The Grand Chessboard

In the late 1990’s shortly after the fall of the former Soviet Union, Zbigniew Brzezinski wrote the following in a book titled “The Grand Chessboard”:

“Russia, it hardly needs saying, remains a major geostrategic player, in spite of its weakened state and probably prolonged malaise. Its very presence impacts massively on the newly independent states within the vast Eurasian space of the former Soviet Union. It entertains ambitious geopolitical objectives, which it increasingly proclaims openly. Once it has recovered its strength, it will also impact significantly on its western and eastern neighbors.”

Brzezinski added:

“Much depends on how its internal politics evolve and especially on whether Russia becomes a European democracy or a Eurasian empire again. In any case, it clearly remains a player, even though it has lost some of its “pieces,” as well as some key spaces on the Eurasian chessboard.”

The aforementioned comments can shed a lot of light on what Russia and Vladimir Putin are thinking at the moment, given that many people have asked what Vladimir Putin is thinking. Since it has not developed into a European-style “democracy,” Russia is perhaps reclaiming its role as a Eurasian empire through process of elimination. And it seems as though Russia does not want to limit its role in the world as just a European-style “democracy.” As Brzezinski wrote in the 1990’s:

“Within the Russian foreign policy establishment (composed largely of former Soviet officials), there still thrives a deeply ingrained desire for a special Eurasian role, one that would consequently entail the subordination to Moscow of the newly independent post-Soviet states.”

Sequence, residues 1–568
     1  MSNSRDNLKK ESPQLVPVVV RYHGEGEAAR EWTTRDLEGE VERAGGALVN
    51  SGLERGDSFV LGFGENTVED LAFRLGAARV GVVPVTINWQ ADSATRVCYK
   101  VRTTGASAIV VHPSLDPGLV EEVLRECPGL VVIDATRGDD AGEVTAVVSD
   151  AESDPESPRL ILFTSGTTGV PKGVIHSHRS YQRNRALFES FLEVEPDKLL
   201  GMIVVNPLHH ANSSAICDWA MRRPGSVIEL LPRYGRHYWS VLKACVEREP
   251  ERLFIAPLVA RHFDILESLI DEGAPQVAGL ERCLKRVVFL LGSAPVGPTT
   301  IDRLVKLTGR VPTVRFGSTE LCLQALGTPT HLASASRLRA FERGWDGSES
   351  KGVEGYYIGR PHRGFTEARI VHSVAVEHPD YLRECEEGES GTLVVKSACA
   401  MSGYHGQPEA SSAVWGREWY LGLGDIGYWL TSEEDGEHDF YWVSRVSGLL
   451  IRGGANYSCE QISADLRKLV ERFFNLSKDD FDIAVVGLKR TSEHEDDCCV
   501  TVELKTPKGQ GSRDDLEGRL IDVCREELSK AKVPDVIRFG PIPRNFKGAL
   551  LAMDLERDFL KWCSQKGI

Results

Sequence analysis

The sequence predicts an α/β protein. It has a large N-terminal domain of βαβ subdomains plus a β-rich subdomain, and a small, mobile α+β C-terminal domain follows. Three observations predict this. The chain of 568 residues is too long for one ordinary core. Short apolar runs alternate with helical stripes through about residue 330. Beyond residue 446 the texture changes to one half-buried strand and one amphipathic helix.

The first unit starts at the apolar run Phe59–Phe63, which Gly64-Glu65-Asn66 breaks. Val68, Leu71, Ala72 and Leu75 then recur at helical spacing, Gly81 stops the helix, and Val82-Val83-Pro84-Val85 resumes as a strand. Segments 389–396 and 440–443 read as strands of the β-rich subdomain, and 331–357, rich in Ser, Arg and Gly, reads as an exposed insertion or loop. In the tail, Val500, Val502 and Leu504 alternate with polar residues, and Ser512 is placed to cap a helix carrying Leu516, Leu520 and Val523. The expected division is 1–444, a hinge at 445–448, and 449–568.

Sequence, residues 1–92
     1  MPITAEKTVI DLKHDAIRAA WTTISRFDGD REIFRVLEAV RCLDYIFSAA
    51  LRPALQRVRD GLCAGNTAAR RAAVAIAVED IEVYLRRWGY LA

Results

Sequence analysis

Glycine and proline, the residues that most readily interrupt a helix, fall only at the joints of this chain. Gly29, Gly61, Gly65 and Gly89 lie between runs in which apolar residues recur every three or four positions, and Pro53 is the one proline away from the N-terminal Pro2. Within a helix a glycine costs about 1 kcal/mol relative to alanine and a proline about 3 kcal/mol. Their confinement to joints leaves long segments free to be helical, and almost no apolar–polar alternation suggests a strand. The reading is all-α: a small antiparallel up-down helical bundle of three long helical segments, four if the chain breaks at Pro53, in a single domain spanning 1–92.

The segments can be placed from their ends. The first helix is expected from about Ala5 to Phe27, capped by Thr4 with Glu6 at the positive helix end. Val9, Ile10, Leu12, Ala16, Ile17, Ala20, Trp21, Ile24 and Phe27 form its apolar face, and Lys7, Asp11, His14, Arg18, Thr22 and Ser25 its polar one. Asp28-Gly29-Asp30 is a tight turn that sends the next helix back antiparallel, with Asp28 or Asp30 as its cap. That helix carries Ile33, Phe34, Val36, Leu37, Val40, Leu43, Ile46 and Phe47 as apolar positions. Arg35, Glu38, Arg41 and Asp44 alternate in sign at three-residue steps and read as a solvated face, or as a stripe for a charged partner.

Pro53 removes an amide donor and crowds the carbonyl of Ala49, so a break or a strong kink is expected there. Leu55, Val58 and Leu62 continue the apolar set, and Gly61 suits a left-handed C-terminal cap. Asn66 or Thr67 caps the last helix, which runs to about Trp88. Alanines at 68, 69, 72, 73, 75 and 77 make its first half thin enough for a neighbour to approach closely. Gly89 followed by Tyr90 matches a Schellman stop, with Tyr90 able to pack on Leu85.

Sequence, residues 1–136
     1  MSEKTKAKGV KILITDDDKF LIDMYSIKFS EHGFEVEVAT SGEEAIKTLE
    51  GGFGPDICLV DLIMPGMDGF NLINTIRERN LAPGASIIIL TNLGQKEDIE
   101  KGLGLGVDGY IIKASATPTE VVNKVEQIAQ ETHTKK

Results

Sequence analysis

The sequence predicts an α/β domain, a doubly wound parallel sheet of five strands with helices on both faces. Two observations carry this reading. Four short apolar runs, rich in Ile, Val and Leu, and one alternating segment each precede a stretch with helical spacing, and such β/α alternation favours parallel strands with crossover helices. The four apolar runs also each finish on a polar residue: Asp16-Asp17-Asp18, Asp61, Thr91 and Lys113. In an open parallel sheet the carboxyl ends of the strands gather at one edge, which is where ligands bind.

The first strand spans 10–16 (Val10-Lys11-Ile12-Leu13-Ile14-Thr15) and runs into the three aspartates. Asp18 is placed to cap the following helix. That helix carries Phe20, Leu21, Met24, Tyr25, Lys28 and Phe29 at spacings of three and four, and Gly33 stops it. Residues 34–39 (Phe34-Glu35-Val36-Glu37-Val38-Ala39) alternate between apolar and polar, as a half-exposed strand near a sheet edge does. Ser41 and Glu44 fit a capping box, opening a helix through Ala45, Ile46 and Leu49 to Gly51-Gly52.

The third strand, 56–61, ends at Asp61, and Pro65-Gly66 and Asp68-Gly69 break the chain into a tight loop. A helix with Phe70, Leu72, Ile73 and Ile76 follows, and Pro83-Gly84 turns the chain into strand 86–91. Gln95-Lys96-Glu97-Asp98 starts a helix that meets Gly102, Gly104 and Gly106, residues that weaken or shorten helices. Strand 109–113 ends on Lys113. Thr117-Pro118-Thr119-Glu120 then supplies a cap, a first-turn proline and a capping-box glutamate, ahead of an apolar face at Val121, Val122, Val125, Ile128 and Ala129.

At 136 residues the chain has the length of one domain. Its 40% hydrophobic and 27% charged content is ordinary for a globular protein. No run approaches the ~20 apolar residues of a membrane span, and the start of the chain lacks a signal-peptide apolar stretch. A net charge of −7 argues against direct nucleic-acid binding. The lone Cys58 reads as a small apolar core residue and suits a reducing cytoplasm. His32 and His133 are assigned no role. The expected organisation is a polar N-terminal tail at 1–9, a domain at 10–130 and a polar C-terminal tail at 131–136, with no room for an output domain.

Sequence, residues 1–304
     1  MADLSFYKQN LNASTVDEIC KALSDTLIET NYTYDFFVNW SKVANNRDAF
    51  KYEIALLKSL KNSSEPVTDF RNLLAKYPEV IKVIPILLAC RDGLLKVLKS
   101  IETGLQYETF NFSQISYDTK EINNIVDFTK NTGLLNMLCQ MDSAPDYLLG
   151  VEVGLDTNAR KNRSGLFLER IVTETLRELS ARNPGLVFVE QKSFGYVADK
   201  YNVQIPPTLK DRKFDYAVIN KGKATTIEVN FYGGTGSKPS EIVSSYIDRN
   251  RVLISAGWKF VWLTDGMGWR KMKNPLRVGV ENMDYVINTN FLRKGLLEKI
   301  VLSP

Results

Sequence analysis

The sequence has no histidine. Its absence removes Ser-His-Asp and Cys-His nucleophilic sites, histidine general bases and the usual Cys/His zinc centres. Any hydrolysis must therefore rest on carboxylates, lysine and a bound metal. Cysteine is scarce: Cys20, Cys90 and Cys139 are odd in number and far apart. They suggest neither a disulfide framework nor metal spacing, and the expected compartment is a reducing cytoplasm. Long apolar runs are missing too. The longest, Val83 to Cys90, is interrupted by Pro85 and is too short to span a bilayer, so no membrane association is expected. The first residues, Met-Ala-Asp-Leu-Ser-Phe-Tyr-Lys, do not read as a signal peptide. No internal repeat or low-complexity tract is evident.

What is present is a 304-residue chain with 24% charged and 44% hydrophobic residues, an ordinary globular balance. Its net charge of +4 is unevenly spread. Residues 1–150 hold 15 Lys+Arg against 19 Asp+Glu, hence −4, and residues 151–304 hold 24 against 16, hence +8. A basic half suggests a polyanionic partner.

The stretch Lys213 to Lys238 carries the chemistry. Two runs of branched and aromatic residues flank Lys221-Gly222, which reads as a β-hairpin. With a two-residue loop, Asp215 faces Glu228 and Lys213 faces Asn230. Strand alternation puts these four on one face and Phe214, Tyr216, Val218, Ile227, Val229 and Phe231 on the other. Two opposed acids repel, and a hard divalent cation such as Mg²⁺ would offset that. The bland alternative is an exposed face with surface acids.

Thus, whereas America and Europe wish to limit Russia to just a European-style “democracy” that is subordinate to them, Russia is seeking a bigger role and is laying claim to a global status. But Russia’s claim to a global status entails a certain level of domination over small Eastern European and Central Asian countries, and that is exactly what we are witnessing with Ukraine at the moment. Eastern European countries seek to avoid Russian domination by joining NATO. Culture and religion are also major factors in precluding Russia from choosing to accede into a limited role in global affairs as just another European-style “democracy” that is subordinate to Washington and Brussels.

But of all the various Eastern European states, Ukraine is most important for Russia’s geopolitical designs. As Brzezinski wrote:

“Even without the Baltic states and Poland, a Russia that retained control over Ukraine could still seek to be the leader of an assertive Eurasian empire, in which Moscow could dominate the non-Slavs in the South and Southeast of the former Soviet Union.”

Hence, after resurrecting itself as an actual state in the international system over the course of the last three decades since the collapse of the former Soviet Union, Russia is now resurrecting its global status as a Eurasian empire. Becoming a European-style “democracy” and limiting itself to a subordinate of Washington and Brussels was not what Vladimir Putin and the Russian establishment were aiming for over the course of the last three decades. Thus, Vladimir Putin is seeking to play ball with Washington given that Russia exercises leverage over Brussels through energy supplies, and what remains to be seen is whether Washington will assume an adversarial position vis-à-vis Russia, or whether the accommodation of Russian national interests by virtue of a discussion on NATO expansion will take place between Washington and Moscow. Given that America and Europe will not accommodate Russia as an equal partner because of cultural, racial, and religious reasons, the scope of interaction between Moscow on one hand and Washington and Brussels on the other hand will perhaps be limited to the issue of NATO expansion.

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